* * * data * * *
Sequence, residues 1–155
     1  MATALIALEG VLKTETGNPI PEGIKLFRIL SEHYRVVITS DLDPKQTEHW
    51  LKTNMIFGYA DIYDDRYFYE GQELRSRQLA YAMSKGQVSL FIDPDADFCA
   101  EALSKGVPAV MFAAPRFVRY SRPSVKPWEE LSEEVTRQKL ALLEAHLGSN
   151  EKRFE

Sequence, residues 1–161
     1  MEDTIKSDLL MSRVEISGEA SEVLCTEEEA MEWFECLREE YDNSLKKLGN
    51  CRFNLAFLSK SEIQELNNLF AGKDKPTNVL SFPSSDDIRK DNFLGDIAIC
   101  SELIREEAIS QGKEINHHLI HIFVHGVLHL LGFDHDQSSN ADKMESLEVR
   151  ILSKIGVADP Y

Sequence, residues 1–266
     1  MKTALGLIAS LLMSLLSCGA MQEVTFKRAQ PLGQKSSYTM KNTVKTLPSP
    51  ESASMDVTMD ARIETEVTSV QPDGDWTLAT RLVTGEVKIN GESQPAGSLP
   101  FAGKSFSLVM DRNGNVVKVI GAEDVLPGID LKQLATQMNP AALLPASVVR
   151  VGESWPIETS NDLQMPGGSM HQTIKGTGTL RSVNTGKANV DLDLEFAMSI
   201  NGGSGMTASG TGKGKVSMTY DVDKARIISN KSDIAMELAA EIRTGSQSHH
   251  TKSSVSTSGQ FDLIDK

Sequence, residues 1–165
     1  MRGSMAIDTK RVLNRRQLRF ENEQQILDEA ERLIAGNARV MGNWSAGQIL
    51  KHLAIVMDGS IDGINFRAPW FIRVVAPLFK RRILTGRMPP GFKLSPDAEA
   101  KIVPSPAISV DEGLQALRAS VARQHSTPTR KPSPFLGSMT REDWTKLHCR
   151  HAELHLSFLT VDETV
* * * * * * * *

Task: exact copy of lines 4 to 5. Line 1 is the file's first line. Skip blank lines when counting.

   101  EALSKGVPAV MFAAPRFVRY SRPSVKPWEE LSEEVTRQKL ALLEAHLGSN
   151  EKRFE